Humanity _or Human kind- is not a totality superior to men and men's groups
It is important to preserve the contribution of "humanist" universalism because it is difficult to attack such a reference in case nationalism, racism or totalitarian sects would make significant comebacks. But we must simultaneously perceive the danger associated to the very notion of humanity, notably because of the merger of two of its features: unity and uniqueness.
As we have no serious reason to expect the upcoming visit of extraterrestrials, the local oneness of humanity (its uniqueness) can be postulated without much protest. As for its unity, it is a facet of its real essence, although it can be balanced with other aspects, such as its internal diversity.
The problem with the link between oneness and unity, is that the notion of humanity is so easily functioning as an ideal of local perfection in the universe : a singular whole, or a total singularity of which the main characteristic is that it is necessarily " vulnerable " as such and must be protected like a jewel against all assaults from wherever they might come. It is this attraction by the sublime imago which must be rejected at any price, because of symetrical dangers including the desire of so much security and integrity that this cannot come up without threatening life itself, as far as it is turbulent, diverse, impredictable and not idealizable.
To oppose this latent tendency, we must accompany the realization of human unity, which we must accept anyway for reasons of intellection and duty, with some preventive and protective maxims.
We propose hereafter four of these maxims (without prejudice to find others):
-First, the oneness of humanity should not be accepted uncritically, and it should not be taken as a feature opening a right to create a "global society". First, because we do not know positively whether humanity is truly unique (it is probably not in the vast universe). Secondly, because the concept of a single body cannot be applied to any living reality (because life implies a multiplicity of individuals, species and kinds, and a succession of generations). Finally, because the idea of an absolute isolation may give humanity a special status that can resemble a racist or nationalist pride, and allow it to be invoked against its own members -considered as traitors-.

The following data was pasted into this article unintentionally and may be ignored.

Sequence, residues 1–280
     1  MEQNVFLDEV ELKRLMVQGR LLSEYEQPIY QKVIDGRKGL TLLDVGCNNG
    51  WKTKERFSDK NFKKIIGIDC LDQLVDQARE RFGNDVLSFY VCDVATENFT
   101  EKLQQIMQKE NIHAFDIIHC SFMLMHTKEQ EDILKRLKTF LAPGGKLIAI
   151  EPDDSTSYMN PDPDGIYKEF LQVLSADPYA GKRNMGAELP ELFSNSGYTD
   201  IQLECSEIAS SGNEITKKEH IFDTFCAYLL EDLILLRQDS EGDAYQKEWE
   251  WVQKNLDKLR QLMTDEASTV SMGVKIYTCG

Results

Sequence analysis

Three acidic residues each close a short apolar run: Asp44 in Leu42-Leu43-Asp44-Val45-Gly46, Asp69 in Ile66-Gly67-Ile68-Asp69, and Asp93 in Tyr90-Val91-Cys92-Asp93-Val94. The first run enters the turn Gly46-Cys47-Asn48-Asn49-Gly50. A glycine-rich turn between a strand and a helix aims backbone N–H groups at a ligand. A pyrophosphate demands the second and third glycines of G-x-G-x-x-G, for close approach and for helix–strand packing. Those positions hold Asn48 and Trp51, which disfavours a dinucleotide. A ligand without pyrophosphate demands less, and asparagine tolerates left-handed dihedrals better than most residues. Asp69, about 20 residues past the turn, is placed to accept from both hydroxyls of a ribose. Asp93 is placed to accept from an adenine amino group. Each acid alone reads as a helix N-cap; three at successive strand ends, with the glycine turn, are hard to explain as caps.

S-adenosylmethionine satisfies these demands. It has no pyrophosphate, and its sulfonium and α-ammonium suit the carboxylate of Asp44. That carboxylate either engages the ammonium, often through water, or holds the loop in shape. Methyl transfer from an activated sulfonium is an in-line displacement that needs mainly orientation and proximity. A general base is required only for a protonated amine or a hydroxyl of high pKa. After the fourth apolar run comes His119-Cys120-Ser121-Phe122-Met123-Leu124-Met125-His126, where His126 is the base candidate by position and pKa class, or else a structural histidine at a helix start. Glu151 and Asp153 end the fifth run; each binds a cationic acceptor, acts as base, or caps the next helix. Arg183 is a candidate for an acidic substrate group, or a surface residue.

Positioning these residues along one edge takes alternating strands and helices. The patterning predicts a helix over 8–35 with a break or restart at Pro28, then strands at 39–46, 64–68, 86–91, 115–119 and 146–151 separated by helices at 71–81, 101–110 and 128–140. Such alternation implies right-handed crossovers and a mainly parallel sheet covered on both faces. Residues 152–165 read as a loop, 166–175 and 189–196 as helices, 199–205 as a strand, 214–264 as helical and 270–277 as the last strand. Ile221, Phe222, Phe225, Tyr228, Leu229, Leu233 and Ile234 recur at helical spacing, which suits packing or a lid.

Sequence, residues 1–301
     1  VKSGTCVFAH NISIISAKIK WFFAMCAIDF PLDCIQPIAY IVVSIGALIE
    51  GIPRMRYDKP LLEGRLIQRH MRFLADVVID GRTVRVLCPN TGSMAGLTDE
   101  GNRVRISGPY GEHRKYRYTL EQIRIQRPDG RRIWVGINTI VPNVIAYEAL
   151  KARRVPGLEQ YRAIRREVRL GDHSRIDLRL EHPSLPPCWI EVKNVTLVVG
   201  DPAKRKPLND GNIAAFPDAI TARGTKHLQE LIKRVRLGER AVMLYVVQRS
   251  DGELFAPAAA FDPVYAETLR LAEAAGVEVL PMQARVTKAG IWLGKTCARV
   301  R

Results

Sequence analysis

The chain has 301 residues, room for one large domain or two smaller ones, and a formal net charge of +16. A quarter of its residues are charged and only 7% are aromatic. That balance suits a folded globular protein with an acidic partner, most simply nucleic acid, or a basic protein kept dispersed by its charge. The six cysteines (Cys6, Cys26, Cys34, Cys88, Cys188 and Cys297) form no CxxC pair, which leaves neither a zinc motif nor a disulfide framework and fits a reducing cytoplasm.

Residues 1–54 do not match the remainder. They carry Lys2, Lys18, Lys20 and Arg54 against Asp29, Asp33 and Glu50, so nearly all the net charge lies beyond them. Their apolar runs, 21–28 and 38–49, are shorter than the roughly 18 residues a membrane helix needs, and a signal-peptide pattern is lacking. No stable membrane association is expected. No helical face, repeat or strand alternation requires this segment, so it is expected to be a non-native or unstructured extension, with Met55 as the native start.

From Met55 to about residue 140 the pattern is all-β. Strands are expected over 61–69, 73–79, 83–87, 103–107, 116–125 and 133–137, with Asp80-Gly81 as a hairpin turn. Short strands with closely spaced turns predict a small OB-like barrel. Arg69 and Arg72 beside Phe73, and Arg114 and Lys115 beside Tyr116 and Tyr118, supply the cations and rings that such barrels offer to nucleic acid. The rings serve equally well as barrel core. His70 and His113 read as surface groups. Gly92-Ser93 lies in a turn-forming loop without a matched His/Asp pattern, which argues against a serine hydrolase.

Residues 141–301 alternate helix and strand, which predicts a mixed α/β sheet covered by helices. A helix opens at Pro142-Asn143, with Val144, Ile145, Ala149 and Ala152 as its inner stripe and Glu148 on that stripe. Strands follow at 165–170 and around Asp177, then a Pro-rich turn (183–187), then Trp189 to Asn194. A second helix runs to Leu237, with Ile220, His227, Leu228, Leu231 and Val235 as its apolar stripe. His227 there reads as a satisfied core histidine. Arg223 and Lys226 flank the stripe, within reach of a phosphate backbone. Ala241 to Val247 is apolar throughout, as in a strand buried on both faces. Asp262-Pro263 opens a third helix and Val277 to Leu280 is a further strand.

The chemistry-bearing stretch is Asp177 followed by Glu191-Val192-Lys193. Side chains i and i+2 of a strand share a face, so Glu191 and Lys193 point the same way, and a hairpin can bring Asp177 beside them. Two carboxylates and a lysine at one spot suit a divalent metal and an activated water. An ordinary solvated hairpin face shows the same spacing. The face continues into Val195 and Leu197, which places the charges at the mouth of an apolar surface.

Second important maxim: the unity of humanity does not allow anyone to make a totality of it. First, because totality is a fantasy that ignores the internal division of humanity (its diversity), or its separation from other jurisdictions claiming the same degree of universality (like the human species, the moral "human" quality, the world society or the universal cultural field), or finally, its "fractality" (the fact that every potentially self-supporting human group is representing human kind). In fact, all humanity is already present in each group of human beings, but no group can claim to be more human than another, nor a global community can allege such pretension.
Then, we are warned (by numerous experiences shared by social sciences and by the theory of mind) that when identity is taken by human beings as having both the characteristics of truth and absolute, these people are directly threatened by individual and collective madness. They can then take the path of "realizing their idea" that can only be a mass suicide, as the disparate characters and "heterogeneous" real entities should disappear behind this ideality, and literally be sacrificed to it. Any organic toralization of humanity functions as a narcissistic ideal for which we can only kill differences, that is to say... kill ourselves.
Some clues from recent history would give us some reasons to be optimistic about possible resistance to this trend. For example, if we take the various attempts to establish human rights in global society between 1929 and 1948, although driven in a context dominated by seductive totalitarian ideas, we find that the intensive work undertaken by philosophers and inspired law theorists shows a gradual incorporation of plurality. If we look at the definitions cited in the first place, concerning the supreme collective reference, we see they are slowly shifting from “State” and “People” (as foundations of an always unitary sovereignty) to notions like "the Human Family". This beautiful expression (presumably due to René Cassin ) immediately implies a gathering of diversities, but without any rigid link or call to a single law. One can only hope that in later stages -without any formalizing spirit of "political correctness" - this fragile trend will be confirmed, and that we will not see a backward move trying to impose a "true scientific definition” of mankind. It should be remembered again that this last reaction has always, hitherto, corresponded to moments of violent authoritarianism.